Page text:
It is so easy to tell you the places that we have seen but it is another thing to tell you the experience. Sometimes words can not describe what is going on internally. I (Candace) am a visual learner and like to observe in my little world. So when we got to our Airbnb in Arad the first thing I did when we left for the day was watch the people around me. We were staying in an apartment in an Orthodox Jewish community by a school. These men with black hats, black outfit, beards, long hair on the sides, with children walking beside them. It felt a little like we were in a movie. While I was watching these people, I noticed how the children were curious about us. I’m sure we stuck out like we didn’t belong. These people were neither friendly or unfriendly just going about their day. We tend to say hi as we pass people on the street but this did not seem to be the norm. Nevertheless, I felt safe in this neighbourhood which I was grateful for.
Another observation was how much I rely on reading to understand things. All the signs have Aramaic, Hebrew and English on it. We went to the grocery store to stock up our kitchen. With Cassidy having Celiac disease we find it easier to cook (less chance of her getting sick) than finding restaurants that are Gluten Free. Except today, we found out McDonalds in Israel have gluten free buns/hamburgers and fries! Canada needs to learn from this! LOL! None of the groceries are in English so thankfully Mark found an app that could translate for us! Not only was it hard to read but trying to find people who speak English has been a little fun! Once they catch on to what we are saying the light bulb goes on and big smiles, trying to be helpful.
As we have travelled I have been able to see camels, sheep/shepherds in their natural settings. Oh, ya and cows! Just had to put that in for my dad! These are things I have only imagined but now has become a reality. We have done many hikes and seen much contrasting terrain. The desert area has been really neat to experience especially when you suddenly come to a waterfall or climb up a huge mountain at 5:30 in the morning (Masada). Both the Dead Sea and the Sea of Galilee are much bigger and vast than I imagined. I am trying to etch all these places in my brain because the pictures truly do not do justice to what I see in front of me.
One day we went to the Jordon River, where Jesus was baptized. It was one of those places I always wanted to see. People come here from all over the world to be baptized. Sure enough, when we got there we saw people dressed in white getting ready to be baptized. At this time the water in the river is too high so there were pipes with water from the river flowing out. People stood under them and were baptized. As we were observing this, there was another group of people standing together singing “Lord you have come to the Lakeshore” but in a different language. A few days before we left on this trip, we had been at a funeral for Mark’s uncle. At his funeral, we had sung this same song (I think it was called something else but the same tune) As I was observing, I was so moved by the fact I could sing the same song in English with them. To be in a different place and a different time singing this special song.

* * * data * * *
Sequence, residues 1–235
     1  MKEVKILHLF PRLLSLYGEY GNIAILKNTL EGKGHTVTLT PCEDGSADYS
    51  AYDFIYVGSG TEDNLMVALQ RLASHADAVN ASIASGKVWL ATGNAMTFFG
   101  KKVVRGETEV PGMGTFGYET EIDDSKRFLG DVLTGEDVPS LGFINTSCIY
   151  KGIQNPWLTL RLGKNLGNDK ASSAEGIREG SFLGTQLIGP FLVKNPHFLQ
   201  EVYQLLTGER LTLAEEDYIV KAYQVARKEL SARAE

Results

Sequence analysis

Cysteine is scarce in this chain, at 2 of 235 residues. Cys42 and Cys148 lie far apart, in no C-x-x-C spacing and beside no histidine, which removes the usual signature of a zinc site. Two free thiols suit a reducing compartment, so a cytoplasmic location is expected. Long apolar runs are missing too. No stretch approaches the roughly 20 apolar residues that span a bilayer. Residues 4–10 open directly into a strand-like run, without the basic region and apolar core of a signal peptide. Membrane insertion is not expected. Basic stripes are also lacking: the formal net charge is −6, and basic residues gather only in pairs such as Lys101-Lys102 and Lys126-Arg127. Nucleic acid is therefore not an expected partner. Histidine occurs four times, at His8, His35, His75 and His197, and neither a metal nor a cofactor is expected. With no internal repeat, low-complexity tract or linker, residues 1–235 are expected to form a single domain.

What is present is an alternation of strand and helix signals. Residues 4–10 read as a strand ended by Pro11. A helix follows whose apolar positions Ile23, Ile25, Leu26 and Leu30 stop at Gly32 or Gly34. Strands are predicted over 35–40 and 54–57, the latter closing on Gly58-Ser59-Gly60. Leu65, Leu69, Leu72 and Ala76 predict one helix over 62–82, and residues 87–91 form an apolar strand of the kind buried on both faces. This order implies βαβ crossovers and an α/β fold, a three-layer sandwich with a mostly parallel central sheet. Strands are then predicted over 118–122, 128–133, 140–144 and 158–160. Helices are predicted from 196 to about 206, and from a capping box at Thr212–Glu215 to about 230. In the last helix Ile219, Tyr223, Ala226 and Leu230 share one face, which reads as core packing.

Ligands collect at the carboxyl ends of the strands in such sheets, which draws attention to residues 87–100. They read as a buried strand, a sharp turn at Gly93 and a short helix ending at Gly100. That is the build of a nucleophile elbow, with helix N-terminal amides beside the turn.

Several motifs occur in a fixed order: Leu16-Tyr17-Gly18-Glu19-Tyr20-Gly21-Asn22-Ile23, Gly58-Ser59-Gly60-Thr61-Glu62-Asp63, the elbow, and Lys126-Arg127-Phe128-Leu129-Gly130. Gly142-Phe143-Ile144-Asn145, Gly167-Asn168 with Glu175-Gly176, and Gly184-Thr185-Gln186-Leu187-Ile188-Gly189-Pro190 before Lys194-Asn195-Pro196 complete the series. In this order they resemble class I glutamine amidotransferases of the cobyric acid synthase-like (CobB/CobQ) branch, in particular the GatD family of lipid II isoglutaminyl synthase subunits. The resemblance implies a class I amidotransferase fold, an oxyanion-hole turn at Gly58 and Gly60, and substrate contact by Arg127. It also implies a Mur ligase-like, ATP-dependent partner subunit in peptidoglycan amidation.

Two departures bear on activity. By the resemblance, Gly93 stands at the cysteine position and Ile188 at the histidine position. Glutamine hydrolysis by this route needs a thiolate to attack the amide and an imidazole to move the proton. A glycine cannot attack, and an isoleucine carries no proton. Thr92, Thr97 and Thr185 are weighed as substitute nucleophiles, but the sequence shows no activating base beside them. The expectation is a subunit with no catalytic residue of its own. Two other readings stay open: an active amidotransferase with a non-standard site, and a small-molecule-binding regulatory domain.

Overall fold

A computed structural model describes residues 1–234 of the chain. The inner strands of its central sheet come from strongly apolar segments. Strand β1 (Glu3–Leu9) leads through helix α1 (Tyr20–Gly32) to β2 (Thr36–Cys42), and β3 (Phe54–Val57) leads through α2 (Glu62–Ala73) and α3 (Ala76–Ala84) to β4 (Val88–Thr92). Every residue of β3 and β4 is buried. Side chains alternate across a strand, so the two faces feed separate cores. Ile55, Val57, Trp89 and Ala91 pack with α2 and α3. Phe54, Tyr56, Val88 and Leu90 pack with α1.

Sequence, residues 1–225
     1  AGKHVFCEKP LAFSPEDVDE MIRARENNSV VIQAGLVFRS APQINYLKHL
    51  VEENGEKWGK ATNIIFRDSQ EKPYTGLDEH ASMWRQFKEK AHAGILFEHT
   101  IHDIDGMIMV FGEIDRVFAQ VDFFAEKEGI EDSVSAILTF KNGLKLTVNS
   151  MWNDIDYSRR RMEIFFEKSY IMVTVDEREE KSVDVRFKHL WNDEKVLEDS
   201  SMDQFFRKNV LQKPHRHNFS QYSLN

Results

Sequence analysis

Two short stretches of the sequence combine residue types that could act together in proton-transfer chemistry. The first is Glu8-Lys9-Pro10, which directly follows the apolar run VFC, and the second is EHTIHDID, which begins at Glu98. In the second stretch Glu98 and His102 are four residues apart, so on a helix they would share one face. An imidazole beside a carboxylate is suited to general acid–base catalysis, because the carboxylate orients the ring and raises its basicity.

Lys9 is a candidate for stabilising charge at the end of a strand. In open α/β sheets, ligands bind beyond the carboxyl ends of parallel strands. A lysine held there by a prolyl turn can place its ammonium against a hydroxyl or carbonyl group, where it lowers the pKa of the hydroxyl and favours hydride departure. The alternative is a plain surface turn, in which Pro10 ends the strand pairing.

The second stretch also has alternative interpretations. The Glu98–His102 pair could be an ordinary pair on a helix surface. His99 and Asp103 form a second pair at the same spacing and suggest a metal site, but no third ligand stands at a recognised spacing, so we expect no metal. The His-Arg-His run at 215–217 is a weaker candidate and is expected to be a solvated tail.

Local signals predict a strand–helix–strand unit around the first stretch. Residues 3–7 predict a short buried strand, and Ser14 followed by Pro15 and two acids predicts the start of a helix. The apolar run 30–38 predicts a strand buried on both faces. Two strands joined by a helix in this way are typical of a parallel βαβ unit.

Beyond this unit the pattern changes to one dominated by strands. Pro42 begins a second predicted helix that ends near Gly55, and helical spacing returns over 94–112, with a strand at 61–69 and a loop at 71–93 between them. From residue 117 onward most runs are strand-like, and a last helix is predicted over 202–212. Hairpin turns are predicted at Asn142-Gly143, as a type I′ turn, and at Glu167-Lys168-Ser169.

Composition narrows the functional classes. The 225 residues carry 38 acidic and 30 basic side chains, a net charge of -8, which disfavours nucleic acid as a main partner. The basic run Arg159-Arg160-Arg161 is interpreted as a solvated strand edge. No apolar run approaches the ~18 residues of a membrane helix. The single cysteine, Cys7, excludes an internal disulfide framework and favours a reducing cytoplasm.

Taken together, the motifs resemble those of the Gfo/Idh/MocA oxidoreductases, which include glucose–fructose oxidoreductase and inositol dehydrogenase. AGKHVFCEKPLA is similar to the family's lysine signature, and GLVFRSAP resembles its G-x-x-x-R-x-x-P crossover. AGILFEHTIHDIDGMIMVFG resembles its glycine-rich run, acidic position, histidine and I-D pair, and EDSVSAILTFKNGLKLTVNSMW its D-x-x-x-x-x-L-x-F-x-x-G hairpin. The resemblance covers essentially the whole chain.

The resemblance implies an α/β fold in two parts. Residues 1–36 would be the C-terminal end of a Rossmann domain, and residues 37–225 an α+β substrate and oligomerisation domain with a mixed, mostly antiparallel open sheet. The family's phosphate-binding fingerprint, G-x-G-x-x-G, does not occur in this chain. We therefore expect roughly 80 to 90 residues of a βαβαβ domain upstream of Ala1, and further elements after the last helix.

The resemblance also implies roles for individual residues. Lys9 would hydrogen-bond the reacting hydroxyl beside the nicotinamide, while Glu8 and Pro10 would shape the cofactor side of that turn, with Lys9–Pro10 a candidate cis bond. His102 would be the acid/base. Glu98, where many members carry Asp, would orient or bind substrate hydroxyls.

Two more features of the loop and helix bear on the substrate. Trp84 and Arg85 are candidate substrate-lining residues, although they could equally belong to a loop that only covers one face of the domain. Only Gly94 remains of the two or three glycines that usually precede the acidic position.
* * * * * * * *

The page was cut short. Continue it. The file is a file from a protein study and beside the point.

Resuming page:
I think in the last post, Mark talked about us going to Magdala. This was a time to experience more than what I saw with my two eyes. We had a tour guide gather all the English speaking people together so he could guide us through all the structures at Magdala. First we saw the excavation site of a 1st century synagogue. He gave us lots of information of what they discovered here. At the end of this time, he described what it would have been like when Jesus came to visit here at the Sea of Galilee. He was describing it so well and told us to take Jesus’ hand and talk to him as we went to the next place. I was overcome once again with the fact that Jesus wants to know us personally, have a relationship with us, to be there with us.
The guide then gathered us in front of the women’s atrium entrance. He chose the song “Amazing Grace” and as a group we went in singing. Inside we were in a circle singing, moving closer to the centre of the room. As we finished the song, the acoustics were amazing. Powerful to sing a song like that with strangers but unified in Christ. Listening and participating were so great that I wish I could do it again!
The third experience at Magdala that impacted me was when we went into a chapel that had a picture of Jesus healing Jairus daughter - the picture was made of glass mosaic, absolutely beautiful (all the chapels there had pictures made of this). The guide brought Cassidy, Mark and I to the front to pray a prayer of blessing on Cassidy and us. Because this place was dedicated to women that were apart of Jesus' life, he chose Cassidy as a young woman. It was a beautiful prayer that was a blessing as she graduates in a few months and goes on to follow what God has for her. It was so fitting that, that day happened to be her 18th birthday.
I was taken aback with how this man (the guide) was in tune with the people around him, relying on the Holy Spirit, to encourage the many people that come there. But isn’t that what we do at camp? This is what I began to realize. We have people come through our doors all the time, not knowing where they are with their relationship with Christ. But we give them opportunities to see Jesus, relying on the Holy Spirit. Whether we are in Israel or in Rosthern I can see Jesus but maybe I now see him with more colour and understanding as I walk the land that He walked!